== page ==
Inventing a New Magnet

From Minnesota Alumni Magazine Spring 2015

By Mary Hoff

Permanent magnets are increasingly important—they do everything from help power electric cars to make recording devices work. But they also are a big environmental burden because they depend on mining rare earth minerals, an energy-intensive process that requires the use of toxic chemicals with potential harm to agriculture, human health, and ecosystems. That picture could be changing soon: With funding from the U.S. Department of Energy’s Advanced Research Projects Agency–Energy, a team from the College of Science and Engineering led by professor of electrical and computer engineering Jian-Ping Wang is developing a permanent magnet made from iron and nitrogen that is not only environmentally friendlier but also twice as strong as its conventional counterparts. Ph.D. student Md A. Mehedi recently won a $10,000 award for his work on the project from the Dow Sustainability Innovation Student Challenge Award competition, a program of Dow Chemical Company and the U’s Institute on the Environment. A start-up company, Niron Magnetics, has come on board to help move the innovation to market.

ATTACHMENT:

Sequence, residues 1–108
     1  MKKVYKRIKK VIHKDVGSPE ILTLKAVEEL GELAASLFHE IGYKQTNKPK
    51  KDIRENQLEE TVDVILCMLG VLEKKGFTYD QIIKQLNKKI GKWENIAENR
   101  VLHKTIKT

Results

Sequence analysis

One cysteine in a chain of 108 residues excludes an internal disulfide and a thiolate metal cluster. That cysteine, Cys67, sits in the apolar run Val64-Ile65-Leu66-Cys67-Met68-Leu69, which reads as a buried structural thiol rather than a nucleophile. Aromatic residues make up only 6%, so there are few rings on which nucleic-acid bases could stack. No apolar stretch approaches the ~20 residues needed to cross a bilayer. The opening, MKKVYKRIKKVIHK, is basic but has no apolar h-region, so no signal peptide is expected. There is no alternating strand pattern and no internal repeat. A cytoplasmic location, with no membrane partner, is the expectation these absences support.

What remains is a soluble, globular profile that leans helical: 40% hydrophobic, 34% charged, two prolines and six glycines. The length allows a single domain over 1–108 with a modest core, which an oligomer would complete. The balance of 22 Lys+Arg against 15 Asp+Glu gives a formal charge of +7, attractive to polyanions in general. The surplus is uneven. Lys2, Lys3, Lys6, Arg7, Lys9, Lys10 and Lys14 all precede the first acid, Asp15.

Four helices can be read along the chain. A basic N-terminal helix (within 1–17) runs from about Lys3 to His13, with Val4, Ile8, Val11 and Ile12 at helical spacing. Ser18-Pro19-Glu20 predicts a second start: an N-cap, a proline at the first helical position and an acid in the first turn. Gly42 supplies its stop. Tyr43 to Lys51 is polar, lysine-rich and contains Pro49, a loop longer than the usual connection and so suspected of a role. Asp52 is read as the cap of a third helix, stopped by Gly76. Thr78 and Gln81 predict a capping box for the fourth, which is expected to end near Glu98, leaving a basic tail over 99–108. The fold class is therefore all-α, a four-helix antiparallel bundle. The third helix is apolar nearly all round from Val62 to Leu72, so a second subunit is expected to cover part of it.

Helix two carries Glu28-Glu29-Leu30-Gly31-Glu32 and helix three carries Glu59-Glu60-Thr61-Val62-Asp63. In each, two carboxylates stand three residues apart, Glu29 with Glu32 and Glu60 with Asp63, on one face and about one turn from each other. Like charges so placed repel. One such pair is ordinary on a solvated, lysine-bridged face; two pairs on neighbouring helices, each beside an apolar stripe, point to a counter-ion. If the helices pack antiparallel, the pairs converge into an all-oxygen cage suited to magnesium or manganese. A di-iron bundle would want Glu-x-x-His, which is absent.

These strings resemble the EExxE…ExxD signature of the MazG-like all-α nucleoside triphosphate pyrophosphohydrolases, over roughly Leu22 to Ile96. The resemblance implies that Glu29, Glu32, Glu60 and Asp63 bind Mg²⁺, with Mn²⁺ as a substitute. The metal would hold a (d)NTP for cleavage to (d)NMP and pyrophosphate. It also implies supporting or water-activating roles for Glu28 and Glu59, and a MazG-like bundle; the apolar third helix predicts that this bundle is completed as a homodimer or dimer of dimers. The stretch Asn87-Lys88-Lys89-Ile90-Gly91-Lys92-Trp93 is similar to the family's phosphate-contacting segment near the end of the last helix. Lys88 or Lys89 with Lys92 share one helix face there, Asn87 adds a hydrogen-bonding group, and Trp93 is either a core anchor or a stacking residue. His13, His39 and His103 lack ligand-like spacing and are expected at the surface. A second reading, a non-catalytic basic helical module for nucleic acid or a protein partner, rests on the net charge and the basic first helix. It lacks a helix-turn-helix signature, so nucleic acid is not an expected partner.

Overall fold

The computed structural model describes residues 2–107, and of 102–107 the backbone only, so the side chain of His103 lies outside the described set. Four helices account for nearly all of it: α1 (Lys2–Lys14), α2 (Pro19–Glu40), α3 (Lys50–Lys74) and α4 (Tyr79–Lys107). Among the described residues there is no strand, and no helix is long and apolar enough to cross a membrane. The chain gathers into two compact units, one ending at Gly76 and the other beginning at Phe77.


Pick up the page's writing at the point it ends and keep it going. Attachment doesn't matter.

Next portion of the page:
See All Inventing a New Magnet Events


See All Stories

Stay Connected.